The Corpus Callosum

Selection of Antidepressants Pt. 5




A while back I started a series about the science and logic (and other
factors) involved in the selection of antidepressant medication.
 I suppose I could put in the pinks to the first four parts,
but anyone can use the search box in the left-hand sidebar to search
for “selection of antidepressants” to find them.  I suppose
when I am done I will go back to the first one and put in a list of
links to all the posts in the series. style="font-family: Helvetica,Arial,sans-serif;">


The first four posts presented a top-down view, looking at the concepts
and principles used when choosing an antidepressant medication.
 A colleague reminded me recently that I never really finished
the series.



What I am going to do now, is to continue the series on the same topic,
but with a different perspective.  Rather than looking at the
abstract level, I will take each medication, one-by-one, and review the
properties of each that may be pertinent to the process of selection. style="font-family: Helvetica,Arial,sans-serif;">


In this, I plan to consider only those medications available in the
USA, and I am only going to consider the most basic form of each.
 That is, I am not going to go into the distinction between
immediate-release and controlled-release products, or the differences
between tablets, capsules and liquids, and I am only going to mention
one brand name for each chemical entity.  That is just to keep
things simple.



Here is the list:



cellspacing="0" cols="2" frame="void" rules="none">
amitriptyline Elavil®
height="16">amoxapine Asendin®
height="16">bupropion Wellbutrin®
height="16">citalopram Celexa®
height="16">clomipramine Anafranil®
height="16">desipramine Norpramin®
height="16">doxepin Sinequan®
height="16">duloxetine Cymbalta®
escitalopram Lexapro®
height="16">fluoxetine Prozac®
height="16">fluvoxamine Luvox®
height="16">imipramine Tofranil®
height="16">isocarboxazid Marplan®
height="16">maprotiline Ludiomil®
height="16">mirtazapine Remeron®
height="16">nefazodone Serzone®
height="16">nortriptyline Pamelor®
height="16">paroxetine Paxil®
height="16">phenelzine Nardil®
height="16">protriptyline Vivactil®
height="16">selegiline Emsam®
height="16">sertraline Zoloft®
height="16">tranylcypromine Parnate®
height="16">trazodone Desyrel®
height="16">trimipramine Surmontil®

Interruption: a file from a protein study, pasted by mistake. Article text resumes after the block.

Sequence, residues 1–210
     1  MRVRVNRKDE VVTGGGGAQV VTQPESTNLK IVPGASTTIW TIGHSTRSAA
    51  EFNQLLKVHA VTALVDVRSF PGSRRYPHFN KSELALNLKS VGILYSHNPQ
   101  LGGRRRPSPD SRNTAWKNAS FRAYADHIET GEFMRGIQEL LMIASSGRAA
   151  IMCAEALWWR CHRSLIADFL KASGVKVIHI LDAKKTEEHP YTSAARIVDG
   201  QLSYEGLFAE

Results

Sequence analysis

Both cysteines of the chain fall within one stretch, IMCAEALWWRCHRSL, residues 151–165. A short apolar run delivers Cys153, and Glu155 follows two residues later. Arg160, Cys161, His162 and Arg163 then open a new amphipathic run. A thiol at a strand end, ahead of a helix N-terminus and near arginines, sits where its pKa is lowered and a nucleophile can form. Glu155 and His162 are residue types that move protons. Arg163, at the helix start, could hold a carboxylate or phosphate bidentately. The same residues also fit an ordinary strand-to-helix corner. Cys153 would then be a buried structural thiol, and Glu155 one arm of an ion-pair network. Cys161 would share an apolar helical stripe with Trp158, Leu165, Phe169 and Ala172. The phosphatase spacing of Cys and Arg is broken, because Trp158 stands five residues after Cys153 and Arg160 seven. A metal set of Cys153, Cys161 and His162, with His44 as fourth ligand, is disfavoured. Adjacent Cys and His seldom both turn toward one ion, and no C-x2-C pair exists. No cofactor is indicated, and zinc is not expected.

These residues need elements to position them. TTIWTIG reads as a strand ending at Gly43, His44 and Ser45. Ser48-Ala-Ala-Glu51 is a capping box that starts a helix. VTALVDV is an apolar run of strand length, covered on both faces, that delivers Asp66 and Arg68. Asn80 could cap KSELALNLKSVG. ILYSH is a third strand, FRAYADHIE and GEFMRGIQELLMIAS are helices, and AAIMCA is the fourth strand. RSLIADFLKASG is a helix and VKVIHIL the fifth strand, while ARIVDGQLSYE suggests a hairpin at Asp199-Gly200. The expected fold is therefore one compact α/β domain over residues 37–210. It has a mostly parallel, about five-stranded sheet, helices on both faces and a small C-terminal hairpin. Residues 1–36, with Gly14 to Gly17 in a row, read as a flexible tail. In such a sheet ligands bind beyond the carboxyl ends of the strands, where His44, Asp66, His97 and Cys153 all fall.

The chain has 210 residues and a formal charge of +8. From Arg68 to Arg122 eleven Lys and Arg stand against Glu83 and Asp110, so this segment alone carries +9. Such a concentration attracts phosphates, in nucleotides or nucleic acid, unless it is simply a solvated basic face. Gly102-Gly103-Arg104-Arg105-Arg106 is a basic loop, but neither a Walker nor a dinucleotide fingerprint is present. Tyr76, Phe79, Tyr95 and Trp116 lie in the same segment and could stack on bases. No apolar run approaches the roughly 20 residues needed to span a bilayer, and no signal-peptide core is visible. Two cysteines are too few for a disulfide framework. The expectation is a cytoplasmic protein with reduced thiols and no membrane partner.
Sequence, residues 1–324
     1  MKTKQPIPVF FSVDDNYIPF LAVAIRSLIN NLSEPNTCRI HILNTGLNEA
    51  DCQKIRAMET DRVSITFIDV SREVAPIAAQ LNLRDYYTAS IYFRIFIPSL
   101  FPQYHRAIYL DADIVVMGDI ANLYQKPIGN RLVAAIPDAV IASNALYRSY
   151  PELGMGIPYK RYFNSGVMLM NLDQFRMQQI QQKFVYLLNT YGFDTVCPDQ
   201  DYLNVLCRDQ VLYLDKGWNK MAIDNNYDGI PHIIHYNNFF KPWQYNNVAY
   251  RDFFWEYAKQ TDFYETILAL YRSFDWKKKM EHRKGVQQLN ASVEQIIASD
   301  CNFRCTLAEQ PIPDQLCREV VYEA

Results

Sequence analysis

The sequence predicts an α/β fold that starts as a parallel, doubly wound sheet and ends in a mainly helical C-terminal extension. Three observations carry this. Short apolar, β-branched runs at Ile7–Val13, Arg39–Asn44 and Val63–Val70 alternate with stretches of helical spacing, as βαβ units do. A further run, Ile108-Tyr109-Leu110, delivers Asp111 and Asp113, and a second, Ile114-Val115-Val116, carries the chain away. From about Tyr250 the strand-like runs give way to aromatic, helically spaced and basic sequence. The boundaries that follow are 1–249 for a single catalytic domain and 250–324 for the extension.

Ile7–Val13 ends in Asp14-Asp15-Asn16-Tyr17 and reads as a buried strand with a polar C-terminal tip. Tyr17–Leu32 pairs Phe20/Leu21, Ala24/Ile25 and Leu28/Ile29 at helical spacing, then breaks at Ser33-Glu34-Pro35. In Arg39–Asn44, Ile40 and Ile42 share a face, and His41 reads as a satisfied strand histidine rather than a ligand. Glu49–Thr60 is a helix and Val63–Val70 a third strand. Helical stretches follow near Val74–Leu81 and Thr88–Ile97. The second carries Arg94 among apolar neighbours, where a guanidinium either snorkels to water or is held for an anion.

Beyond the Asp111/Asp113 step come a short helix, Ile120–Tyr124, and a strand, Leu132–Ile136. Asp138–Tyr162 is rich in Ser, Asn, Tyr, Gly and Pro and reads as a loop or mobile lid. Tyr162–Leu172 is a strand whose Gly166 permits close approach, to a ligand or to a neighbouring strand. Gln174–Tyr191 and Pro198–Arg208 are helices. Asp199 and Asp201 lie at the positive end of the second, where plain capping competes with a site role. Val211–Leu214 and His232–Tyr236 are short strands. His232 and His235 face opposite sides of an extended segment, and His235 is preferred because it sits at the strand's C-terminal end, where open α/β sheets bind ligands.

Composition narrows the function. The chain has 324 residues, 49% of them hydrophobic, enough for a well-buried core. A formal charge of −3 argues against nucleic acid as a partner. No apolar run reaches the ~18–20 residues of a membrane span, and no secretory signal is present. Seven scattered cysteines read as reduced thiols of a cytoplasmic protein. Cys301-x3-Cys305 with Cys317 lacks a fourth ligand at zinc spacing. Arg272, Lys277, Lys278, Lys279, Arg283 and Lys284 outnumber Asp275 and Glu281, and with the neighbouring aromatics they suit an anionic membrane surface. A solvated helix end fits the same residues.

height="16">venlafaxine Effexor®

I’ll
start with the first one, then proceed alphabetically, by generic
name.

Comments

  1. #1 Charles Donovan
    March 31, 2007

    Antidepressants often cause substantial weight gain, obesity and Type II diabetes.

    The FDA was actually working on a Saturday. This is late breaking information, so I will keep this post short. Today, the FDA just approved a 2-in-one medicine to treat Type II diabetes.

    The tablet, called Janumet, combines a proprietary Merck drug with the older diabetes drug Metformin. Januva enhances the body�s own ability to lower blood sugar levels. It will be a life saver for many have Type II diabetes.

    People who suffer from depression are three times as likely to develop Type II diabetes. This new drug will change or save many lives.

    http://www.MyDepressionSpace.com

  2. #2 MTW
    April 1, 2007

    The comments section on scienceblogs is now a place to advertise for new medications? News to me.

  3. #3 Charles E. Donovan
    April 1, 2007

    Information fact: The first medical device based treatment for depression. Awareness of this treatment will change or save the lives of sufferers of severe depression.

    After 20+ years of chronic depression I was rescued by a new FDA approved treatment for depression called vagus nerve stimulation therapy.

    It is a 90-minute out-patient procedure, which is unrelated to brain surgery or ECT.

    This is not an ad. Consult with your psychiatrist as a prescription from an M.D. is required.

    Good luck to all and take good care of yourselves with lots of rest.

    Charlie
    http://www.MyDepressionSpace.com

  4. #4 Patrick P
    December 17, 2011

    “I suppose I could put in the pinks to the first four parts, but anyone can use the search box in the left-hand sidebar to search for “selection of antidepressants” to find them. I suppose when I am done I will go back to the first one and put in a list of links to all the posts in the series.”

    You should put the links in to the various parts because a lot of people won’t go to the trouble to look for the links on the sidebar(s). For instance, I “liked” a few of the posts, sending them to my Facebook page. I’m “liking” several of them so people will see all the links, unfortunately it makes me look rather obsessed about what is a rather concise article. Thanks ! -P